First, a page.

Posts Tagged ‘The Bayou’

Jillian’s to Close; Bayou Cafe to Be Sold

Monday, August 6th, 2012

Jillian's of Albany will close on August 11

“The party never stops at Jillian’s of Albany.”

At least that’s what is says on Jillian’s website.

But the fact is that the party will indeed be over at the end of business on Saturday night (August 11), when owner Ralph Spillinger shutters the doors for good.

Spillenger had put the business on the block back in June with a $1.6 million asking price. But alas, there have been no takers.

Spillenger also plans on selling the Bayou Cafe (just down North Pearl Street from Jillian’s) – leaving downtown Albany behind to concentrate solely on the Bayou Cafe in Glenville, which he also owns.


LIVE: The Chris O’Leary Band @ the Bayou, 2/10/12

Tuesday, February 21st, 2012

Review by Fred Rudofsky

There are few things better in life than hearing a band tear it up on a Friday night, in Albany no less. As the the Chris O’Leary Band proved in three dynamic sets at The Bayou, the blues is alive and well, especially here in our own backyard.

O’Leary, an ex-Marine who served an equal stint of six years with Levon Helm’s Barn Burners, fronts a homegrown band that fires on all cylinders. Opening with a swing blues, “I Ain’t Gonna Do It”, O’Leary declaimed with authority in his vocals and harp, locking into a playful banter with the Bonneville Horns, Chris DeFrancesco (baritone sax) and Andy Stahl (tenor sax) that proved to be a hallmark throughout the evening.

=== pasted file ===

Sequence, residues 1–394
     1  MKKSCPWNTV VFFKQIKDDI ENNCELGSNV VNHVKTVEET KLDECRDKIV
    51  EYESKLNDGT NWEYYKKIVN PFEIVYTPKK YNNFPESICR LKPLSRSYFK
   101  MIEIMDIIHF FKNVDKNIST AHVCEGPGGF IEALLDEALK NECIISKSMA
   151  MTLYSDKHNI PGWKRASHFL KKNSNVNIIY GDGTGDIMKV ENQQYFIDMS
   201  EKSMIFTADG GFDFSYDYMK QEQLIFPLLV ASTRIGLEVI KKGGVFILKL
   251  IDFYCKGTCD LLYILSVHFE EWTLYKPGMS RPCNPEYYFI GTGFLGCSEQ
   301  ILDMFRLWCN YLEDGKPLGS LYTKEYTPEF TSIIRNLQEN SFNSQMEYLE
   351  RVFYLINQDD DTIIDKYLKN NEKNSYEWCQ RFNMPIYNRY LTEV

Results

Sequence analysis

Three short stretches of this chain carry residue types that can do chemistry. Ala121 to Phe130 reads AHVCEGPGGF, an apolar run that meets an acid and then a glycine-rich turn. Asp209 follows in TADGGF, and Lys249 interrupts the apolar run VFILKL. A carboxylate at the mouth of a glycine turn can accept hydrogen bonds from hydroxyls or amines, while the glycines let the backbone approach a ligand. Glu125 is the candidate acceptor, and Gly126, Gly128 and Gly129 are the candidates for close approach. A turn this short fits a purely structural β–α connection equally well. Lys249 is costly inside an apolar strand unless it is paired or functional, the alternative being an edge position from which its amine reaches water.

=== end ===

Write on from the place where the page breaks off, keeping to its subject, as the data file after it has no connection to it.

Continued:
The first set was replete with originals from their debut album, “Mr. Used to Be” (VizzTone Records), as well as songs from an upcoming album set for later this year. “I Need You (Like I Need a Hole in My Head)” delivered wit and verve, rooted in some fine drumming by Sean McCarthy and a duet vocal by O’Leary and Willa McCarthy. The Gulf Coast sounds of Excello Records (“Louisiana Woman”) and Mardi Gras (“Tchoupitoulas”) offered fine tempos for even wallflowers to leave the bar and hit the dance floor. “Letters from Home” addressed the blues faced by the soldier overseas, with O’Leary’s slow aching harp paired with Chris Viterello’s agitated guitar bringing to mind vintage Junior Wells and Buddy Guy.


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